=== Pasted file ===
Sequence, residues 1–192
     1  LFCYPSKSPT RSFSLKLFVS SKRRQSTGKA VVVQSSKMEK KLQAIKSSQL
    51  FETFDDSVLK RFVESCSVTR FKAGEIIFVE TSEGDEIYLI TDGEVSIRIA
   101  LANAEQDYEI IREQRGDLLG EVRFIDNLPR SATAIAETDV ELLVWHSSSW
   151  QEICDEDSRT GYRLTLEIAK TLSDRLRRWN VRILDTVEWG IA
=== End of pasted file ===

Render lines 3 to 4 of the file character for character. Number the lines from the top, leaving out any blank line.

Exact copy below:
    51  FETFDDSVLK RFVESCSVTR FKAGEIIFVE TSEGDEIYLI TDGEVSIRIA
   101  LANAEQDYEI IREQRGDLLG EVRFIDNLPR SATAIAETDV ELLVWHSSSW